Ask any athlete who’s completed an Ironman, and we will tell you that there’s always that one tune that is as much a part of our race experience as hearing the announcer declare “You are an Ironman!” when we cross the finish line.
Maybe it’s that jam you listened to a thousand times in training. Or the song some spectator was playing at the exact moment when you wanted to throw in the towel- The one with empowering lyrics that helped you press on. The music that motivates is as diverse as the athletes themselves! But there are a handful of tunes that seem to capture the Ironman experience for so many of us, from Louisville, Kentucky to Kona, Hawaii. Even if you don’t want to take on a 140.6 mile triathlon, you’re sure to feel like anything is possible when you listen to these Ironman-inspired songs!
Just hearing anything from a U2 album conjures up memories of my first Ironman experience. I was in Lake Placid to cheer on some friends. As they waded into Mirror Lake at 7am the song “Beautiful Day” echoed across the rippling water. That evening, as I waited for my friends to finish, “Where the Streets Have No Name” played while athlete after athlete crossed that epic finish line under the Adirondack stars. The impression this race left on me will forever be captured in the line “I wanna run, I wanna to hide. I wanna tear down the walls that hold me inside." I DID want to run… and swim and bike. So I signed up to do an Ironman the very next day!
You don’t have to be an Iggy Azalea fan to reap the benefits of training to “Impossible is Nothing!” When Katy Kurtessis of Albany, NY was struggling with training through a back injury, she listened to this song hundreds of times. “ ‘You’ve got to hate not having it more than you want to obtain it’ is how I felt when I thought I might not be able to race. This song seriously got me through the last bit of training, and racing Ironman!” So put this three minute tune on your playlist when you need a good reminder that nothing is impossible!
Ironman finishers Tracey-Ann McGee and Sharon Strodl both agree that "Fight Song" is an Ironman staple. With a driving chorus that declares "My power's turned on. Starting right now I'll be strong. I'll play my fight song, and I don't really care if nobody else believes 'cause I've still got a lot of fight left in me" Rachel Platten's hit will have you singing your doubts right out of town! And don't be afraid to pump your fist in the air while you belt out "This is my fight song!"
If “Lose Yourself” by Eminem is not on your playlist yet, I recommend downloading it. This song has lived on my triathlon training playlist since 2009, and is now a permanent resident! Probably because the song opens with this compelling question "If you had one shot or one opportunity to seize everything you ever wanted in one moment, would you capture it?" Before the song even ends, you'll find the resolve to train hard, so you can seize the chance to race Ironman... or just seize the day, Ironman style!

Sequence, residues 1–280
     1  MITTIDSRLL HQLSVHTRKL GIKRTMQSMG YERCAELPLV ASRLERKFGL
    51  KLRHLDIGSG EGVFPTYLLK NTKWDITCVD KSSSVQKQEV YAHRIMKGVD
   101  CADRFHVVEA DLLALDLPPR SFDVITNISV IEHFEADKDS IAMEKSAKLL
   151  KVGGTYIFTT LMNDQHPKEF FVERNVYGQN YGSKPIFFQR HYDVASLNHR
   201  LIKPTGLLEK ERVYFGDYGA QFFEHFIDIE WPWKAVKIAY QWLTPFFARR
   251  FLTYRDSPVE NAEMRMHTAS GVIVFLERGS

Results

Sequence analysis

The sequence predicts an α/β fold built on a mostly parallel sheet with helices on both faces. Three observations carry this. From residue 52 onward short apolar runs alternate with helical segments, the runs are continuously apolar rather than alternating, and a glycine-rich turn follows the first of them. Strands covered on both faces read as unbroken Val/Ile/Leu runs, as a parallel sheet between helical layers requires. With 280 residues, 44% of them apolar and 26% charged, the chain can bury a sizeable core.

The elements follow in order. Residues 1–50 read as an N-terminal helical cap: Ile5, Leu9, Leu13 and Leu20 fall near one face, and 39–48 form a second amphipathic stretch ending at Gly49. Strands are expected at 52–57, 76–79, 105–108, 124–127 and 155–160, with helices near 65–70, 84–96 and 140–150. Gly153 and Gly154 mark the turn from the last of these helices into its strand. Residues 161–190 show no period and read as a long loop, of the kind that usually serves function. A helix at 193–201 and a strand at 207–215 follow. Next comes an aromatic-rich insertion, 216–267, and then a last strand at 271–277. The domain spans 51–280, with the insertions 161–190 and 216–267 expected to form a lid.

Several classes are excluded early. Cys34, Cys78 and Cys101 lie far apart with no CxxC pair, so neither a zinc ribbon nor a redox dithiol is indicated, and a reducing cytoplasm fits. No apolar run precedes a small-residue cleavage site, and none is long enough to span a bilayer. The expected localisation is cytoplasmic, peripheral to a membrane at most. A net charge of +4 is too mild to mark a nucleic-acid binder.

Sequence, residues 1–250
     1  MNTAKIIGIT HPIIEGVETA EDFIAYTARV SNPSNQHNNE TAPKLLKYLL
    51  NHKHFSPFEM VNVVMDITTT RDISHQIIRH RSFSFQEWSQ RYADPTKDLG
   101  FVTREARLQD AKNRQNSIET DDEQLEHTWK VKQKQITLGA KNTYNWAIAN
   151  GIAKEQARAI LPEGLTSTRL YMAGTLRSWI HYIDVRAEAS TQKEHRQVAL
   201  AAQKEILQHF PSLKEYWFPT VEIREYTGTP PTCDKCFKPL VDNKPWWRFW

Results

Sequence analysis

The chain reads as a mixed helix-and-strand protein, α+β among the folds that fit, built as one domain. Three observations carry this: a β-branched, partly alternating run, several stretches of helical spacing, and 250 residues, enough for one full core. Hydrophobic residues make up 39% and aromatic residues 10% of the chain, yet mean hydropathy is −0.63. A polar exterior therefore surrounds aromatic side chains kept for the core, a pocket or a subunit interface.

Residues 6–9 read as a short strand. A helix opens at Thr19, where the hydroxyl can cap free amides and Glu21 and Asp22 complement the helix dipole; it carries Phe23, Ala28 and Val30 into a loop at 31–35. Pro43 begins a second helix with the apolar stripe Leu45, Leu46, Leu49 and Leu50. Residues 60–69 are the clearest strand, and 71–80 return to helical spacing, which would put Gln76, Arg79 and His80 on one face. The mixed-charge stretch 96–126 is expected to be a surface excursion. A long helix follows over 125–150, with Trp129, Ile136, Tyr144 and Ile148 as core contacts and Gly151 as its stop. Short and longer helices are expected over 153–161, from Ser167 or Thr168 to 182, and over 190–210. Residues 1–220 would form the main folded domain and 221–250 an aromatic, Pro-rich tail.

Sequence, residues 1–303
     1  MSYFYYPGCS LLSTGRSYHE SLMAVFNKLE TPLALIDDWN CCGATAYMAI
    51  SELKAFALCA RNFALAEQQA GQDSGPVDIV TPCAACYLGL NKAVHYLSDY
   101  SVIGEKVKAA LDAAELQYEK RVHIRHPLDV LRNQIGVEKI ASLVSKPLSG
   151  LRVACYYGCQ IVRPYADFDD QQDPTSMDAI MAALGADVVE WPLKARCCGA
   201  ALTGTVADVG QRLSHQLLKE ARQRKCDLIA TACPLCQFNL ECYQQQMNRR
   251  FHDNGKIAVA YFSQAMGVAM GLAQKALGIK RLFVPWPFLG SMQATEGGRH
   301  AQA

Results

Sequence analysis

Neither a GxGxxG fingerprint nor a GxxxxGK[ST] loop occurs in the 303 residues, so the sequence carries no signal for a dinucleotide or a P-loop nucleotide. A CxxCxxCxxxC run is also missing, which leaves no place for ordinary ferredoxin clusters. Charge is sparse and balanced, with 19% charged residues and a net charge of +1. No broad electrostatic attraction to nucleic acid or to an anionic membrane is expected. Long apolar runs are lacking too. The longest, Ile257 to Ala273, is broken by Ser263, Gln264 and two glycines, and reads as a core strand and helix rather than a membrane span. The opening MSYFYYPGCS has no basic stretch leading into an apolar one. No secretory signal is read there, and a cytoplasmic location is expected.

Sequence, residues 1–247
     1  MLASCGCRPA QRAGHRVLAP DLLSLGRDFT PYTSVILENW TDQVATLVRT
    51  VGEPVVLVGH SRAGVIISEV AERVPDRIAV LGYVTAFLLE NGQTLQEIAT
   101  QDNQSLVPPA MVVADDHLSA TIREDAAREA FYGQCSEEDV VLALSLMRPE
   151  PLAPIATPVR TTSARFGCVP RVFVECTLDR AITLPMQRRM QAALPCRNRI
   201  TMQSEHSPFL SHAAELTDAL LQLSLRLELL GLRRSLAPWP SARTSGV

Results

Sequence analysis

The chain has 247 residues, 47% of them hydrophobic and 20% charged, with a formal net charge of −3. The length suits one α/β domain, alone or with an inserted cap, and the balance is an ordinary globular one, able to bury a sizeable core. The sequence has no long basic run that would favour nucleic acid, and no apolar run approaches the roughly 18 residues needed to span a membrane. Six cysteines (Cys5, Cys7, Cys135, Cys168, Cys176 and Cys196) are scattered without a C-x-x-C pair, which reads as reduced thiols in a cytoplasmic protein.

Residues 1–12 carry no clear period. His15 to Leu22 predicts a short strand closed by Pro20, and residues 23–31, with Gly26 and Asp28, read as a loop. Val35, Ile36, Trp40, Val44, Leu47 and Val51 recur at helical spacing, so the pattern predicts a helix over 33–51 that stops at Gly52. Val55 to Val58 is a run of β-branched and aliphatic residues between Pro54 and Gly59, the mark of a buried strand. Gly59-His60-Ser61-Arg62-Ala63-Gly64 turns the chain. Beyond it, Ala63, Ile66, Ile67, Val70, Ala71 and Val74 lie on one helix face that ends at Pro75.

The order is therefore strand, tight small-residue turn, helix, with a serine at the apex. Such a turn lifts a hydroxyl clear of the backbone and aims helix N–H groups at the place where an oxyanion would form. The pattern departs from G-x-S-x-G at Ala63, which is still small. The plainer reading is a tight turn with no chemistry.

Speaking of resolve, I make a conscious decision to hum a calming song to myself moments before I hit the water on race morning. I know there will be about 2000 other athletes out there, frantically swimming into me, which can be unnerving. And when I emerge from that mayhem, I will have a 112 mile bike ride and marathon to complete. So before I begin to hyperventilate, I focus on a tranquil tune that I've intentionally trained for Ironman with. I suggest "Breathe In, Breathe Out, Move On" by Jimmy Buffet for keeping the anxiety at bay!
With an event as long as Ironman, it's really difficult to remain serious the entire time. And just not as enjoyable! That's why sprinkled in among all the champion-inspired songs on my training playlist are a few lighthearted ones. "Party Rock Anthem" by LMFAO is my go-to. A spectator was blasting it at Mile 20 of Ironman the last time I raced, and it made me laugh, because at that point my run was reduced to what is affectionately called the Ironman-shuffle. This upbeat tune always reminds me to stop taking myself so seriously, on and off the race course!
I can’t think of an Ironman that didn’t include Journey’s “Don’t Stop Believin” at the Finish line. And it typically seems to be playing as the crowds grow denser, and the clock draws closer to midnight (which is the cut-off time for anyone trying to finish the race). This tune always gets the crowd on their feet, and in turn the athletes can hear them roaring a mile away. “It was playing when I crossed the Finish line, and is also a huge song for me and my kids, as it was their 5th grade graduation song, so it was doubly great for me AND them as I crossed the Finish line to it!” says Ironman Mt. Tremblant Finisher Nashwa Rafla.
There are few songs that embody the Ironman triathlon like "Hall of Fame" by The Script. Even if I can't remember what mile I was on, I do recall hearing "You could be the greatest, you can be the best" when I most needed that extra shot of motivation on race day. It so poignantly captures the Ironman experience that it's even been used in Ironman's "Anything is Possible" video.